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Being solid wood floors they can be sanded many times, unlike laminates which can only be sanded a few times if at all. They are of course more expensive so one needs to carefully budget to ensure that the right choice will be made.

They can be installed in two methods. One is to glue them down to the substrate, normally the concrete floor using a suitable good quality adhesive. The other is to suspend then on batons about 30mm off the floor. Each method has its own pro and cons and at times one can only use the one method. For instance if the finished surface needs to be raised 50mm or so then a suspended or sprung floor will be required. If the reverse is true then they will need to be glued down. Also if the substrate is not completely flat, then it is better to suspend the boards. Gluing boards to a substrate that is not 100% flat it asking for trouble as the boards will eventually lift and the floor will need to be re-done.

Boards are normally purchased from a manufacturer and can either come straight-edged or with a tongue and groove on them. Normally those that are glued down come with a straight edge and those that will be suspended will come with a tongue and groove so that a nail can be inserted at a 45 degree angle to secure the board through the tongue so as not to be visible from the top.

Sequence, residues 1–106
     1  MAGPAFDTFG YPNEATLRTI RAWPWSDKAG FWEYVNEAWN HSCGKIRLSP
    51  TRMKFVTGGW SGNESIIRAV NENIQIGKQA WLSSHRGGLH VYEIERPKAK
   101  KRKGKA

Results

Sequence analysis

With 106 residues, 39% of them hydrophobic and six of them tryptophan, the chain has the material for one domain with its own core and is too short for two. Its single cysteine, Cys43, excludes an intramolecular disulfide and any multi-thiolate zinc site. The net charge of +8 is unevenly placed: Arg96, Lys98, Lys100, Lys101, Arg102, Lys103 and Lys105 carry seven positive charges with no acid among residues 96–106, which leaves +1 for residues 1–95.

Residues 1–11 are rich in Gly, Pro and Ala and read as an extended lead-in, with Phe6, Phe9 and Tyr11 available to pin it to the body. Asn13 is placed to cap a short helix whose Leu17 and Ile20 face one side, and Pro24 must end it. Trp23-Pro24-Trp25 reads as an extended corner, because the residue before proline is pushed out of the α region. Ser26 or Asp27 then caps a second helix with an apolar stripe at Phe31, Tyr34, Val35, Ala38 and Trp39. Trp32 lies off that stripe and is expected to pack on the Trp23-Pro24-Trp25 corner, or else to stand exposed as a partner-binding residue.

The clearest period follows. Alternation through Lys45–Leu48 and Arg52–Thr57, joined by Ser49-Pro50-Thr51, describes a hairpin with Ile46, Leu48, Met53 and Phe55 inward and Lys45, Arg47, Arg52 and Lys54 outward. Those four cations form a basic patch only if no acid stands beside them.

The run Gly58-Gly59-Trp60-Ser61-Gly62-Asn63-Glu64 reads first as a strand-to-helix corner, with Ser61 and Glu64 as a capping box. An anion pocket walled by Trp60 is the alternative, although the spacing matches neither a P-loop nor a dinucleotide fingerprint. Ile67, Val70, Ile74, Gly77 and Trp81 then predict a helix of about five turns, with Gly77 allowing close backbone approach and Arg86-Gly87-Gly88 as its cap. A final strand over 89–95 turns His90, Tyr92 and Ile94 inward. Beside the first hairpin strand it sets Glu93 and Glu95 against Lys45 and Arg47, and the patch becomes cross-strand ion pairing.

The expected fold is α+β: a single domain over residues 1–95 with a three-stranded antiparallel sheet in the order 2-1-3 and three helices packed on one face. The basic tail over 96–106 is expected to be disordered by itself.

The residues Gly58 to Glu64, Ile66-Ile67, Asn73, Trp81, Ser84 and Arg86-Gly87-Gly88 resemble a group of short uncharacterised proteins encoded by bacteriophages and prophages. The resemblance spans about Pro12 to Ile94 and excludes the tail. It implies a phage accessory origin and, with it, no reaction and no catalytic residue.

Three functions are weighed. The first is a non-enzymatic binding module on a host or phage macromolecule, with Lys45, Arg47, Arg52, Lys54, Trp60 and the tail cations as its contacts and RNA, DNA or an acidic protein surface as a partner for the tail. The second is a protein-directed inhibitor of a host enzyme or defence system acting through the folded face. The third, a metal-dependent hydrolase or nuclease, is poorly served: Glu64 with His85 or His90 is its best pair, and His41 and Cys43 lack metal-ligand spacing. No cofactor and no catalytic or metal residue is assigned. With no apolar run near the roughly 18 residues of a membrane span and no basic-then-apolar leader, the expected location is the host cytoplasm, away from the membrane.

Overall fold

Solid wood floors Durban

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Once the floor is down the gaps need to be filled and then sanded to get all boards flat to each other. Sanding will proceed until a smooth finish is obtained and then it will be sealed using a good quality polyurethane. Nowadays there are many water based polyurethane sealers which behave in a similar fashion to the old tried and tested two pack sealers which contain an activator to harden them. Normally three coats are put down with a light sand between coats to ensure a smooth finish. After the first coat, especially with water based sealers, the fibres in the wood will be raised and need to be sanded off before the second coat is applied. This is sometimes not necessary between coats 2 and 3 unless there is dust in the air that settles on the surface before it dries. The best test is to feel the surface between coats to establish if a light sand is required.

For a free no obligation quote, please call us on 082 496 5444 or use the contact form below.